What did you do this weekend that was for self care?
This weekend I spent time with my homegirl doing face masks, watching Project Runway and eating cake.
What did you do this weekend that was for self care?
I am so excited about tomorrow's event at the shop with Virgie Tovar. She will be reading from her book, Hot & Heavy: Fat Fierce Girls on Life, Love and Fashion and having a fat girl pop-up shop from her fabulous wardrobe. I want to share this video of her because you have to see her in action. She is so inspiring for body positivity and self love so please check her out and the event tomorrow evening. She dropped off her items that will be for sale tomorrow at her Fat Girl Pop-up Shop and I already have my eye on some pieces!! Please come by and support!
I am sure you are wondering what does self-compassion have to do with vintage or fashion? I think it has plenty to do with one another because fashion is linked to self esteem and how people look at you.
We all want to be an individual, we all want to be special and we all want to be loved.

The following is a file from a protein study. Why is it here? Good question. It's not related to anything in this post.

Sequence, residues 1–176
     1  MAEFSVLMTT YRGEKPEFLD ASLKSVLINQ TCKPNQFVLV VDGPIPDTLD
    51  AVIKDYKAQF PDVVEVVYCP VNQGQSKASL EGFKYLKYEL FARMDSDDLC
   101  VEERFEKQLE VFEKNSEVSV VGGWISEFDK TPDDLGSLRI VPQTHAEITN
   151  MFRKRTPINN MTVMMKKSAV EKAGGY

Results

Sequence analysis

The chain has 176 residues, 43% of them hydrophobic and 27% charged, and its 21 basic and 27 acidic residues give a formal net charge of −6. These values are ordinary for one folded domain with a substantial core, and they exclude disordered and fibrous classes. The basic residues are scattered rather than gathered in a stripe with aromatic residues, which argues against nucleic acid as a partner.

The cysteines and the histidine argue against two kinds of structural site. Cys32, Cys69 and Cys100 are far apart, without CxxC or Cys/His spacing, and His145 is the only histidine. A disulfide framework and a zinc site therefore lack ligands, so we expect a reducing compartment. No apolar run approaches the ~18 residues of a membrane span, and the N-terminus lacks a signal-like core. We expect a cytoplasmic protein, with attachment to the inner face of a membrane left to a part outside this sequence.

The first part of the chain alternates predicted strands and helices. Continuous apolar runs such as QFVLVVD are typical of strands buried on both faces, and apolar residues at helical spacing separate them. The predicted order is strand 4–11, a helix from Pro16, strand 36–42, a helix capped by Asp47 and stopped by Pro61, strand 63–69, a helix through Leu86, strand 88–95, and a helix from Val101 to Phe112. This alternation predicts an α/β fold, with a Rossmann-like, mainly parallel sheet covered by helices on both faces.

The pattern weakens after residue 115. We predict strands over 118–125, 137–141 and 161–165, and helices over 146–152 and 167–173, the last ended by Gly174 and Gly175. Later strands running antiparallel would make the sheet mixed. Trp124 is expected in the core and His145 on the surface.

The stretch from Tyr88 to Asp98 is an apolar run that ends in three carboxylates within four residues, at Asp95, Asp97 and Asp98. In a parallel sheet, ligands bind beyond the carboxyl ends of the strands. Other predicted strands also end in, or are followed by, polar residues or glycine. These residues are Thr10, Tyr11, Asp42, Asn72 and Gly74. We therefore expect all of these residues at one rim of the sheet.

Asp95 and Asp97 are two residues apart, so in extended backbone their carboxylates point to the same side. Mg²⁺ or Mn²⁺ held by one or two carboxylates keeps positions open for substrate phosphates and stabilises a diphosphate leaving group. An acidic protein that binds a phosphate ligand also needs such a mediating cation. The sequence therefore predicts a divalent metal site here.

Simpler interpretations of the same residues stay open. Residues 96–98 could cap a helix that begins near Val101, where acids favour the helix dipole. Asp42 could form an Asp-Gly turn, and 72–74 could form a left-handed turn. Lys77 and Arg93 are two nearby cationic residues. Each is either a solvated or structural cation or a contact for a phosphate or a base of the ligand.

We live in a world where there is so much insecurity, anxiety and depression because of self judgement so how do we be kind to ourselves??? Well that is called SELF COMPASSION.
I struggle with all of the above emotions and thought this would be a great topic to touch on especially because the holidays are upon us. All types of emotions are floating around in the world right now and I want to separate what is mine from others and stay clean emotionally and not have destructive patterns of isolation, fear and negativity.
What is self-compassion?
Self compassion means being sweet and understanding toward ourselves when we suffer, fail and feel inadequate rather then being self critical and mean.
I am soft and understanding to others but I want to evoke that for myself. My inner critic is cruel and I want to learn self-compassion because I believe it is the foundation to emotional healing and emotional freedom.
Self-compassion is a great idea but I know that I have a long journey of unlearning many years of self loathing. My journey will be long and of course hard at times but I will now practice self-compassion when the journey gets hard and bumpy. I will comfort myself and show kindness. I will put the oxygen mask on myself first so that I can assist and be healthy enough to help others.